The 'El Quijote' Sandwich Is As Disappointing As A Terrible Foodblogger Book Deal

Publishers Marketplace is reporting that Nosheteria.com blogger Adrienne Kane has sold her first book, to be titled 'Cooking and Screaming,' to Simon & Schuster imprint Simon Spotlight Entertainment. We'd never heard of this blog, but we like eating food, so we decided to check it out. Of a recently purchased handful of satsumas and persimmons, Adrienne writes, "Soon the fruit beckoned to me, and it told me it wanted to play with that lonely endive in the fridge. And play they did, quite beautifully, together on the chartreuse salad plate. I love a salad with fruit, not a fruit salad mind you (though they are stupendous as well), but a salad that has the mystical interplay between sweet and savory, and that is what this salad had." She's a regular Danyelle Freeman! As Josh and I ate lunch at our desks, we wondered: how hard could it be to write about food in the style of these ladies?

I pondered this as I took my first mouthful of Despaña's 'El Quijote' sandwich or "bocadillo." Its name, a reference to the hero of Miguel de Cervantes's famous novel 'Don Quijote de la Mancha,' seems to indicate that this sandwich might be inclined to tilt at windmills, eg, attempt to surmount seemingly impossible challenges. While the challenge of 'being delicious' is not actually insurmountable, this sandwich might make you think otherwise.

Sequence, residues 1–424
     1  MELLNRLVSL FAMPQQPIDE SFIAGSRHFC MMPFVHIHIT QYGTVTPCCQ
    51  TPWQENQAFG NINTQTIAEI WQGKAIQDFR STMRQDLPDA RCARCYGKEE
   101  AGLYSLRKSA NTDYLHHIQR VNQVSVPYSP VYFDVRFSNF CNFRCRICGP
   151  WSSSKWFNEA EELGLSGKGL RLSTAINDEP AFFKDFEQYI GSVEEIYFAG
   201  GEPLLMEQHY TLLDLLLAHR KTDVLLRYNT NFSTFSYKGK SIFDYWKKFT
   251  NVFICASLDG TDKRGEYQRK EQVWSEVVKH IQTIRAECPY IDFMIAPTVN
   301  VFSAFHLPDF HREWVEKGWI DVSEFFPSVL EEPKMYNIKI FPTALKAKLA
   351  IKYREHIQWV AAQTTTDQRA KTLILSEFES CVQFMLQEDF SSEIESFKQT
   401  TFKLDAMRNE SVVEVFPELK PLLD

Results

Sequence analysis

While it may be true, as Cervantes writes, that "A father may have a child who is ugly and lacking in all the graces, and the love he feels for him puts a blindfold over his eyes so that he does not see his defects but considers them signs of charm and intelligence and recounts them to his friends as if they were clever and witty," it's hard to imagine that even this sandwich's creator could love it. The bread is chewy, like a piece of chewing gum. This chewiness makes it tough to bite into: tough, like a tough piece of overcooked meat or a fruit leather or something else with a hard, chewy texture.

The sandwich's contents are delicious, though: salty cured pork loin and manchego cheese contrasting with sweet quince paste like light and dark, black and white, weak and strong, hot and cold, loose and tight, or peace and war. Like old and young, or men and women, or good and evil, basically. The two things played off each other well. The cheese and meat was the yin to the quince paste's yang, or possibly vice versa.

Still, overall, I thought this sandwich could've been better.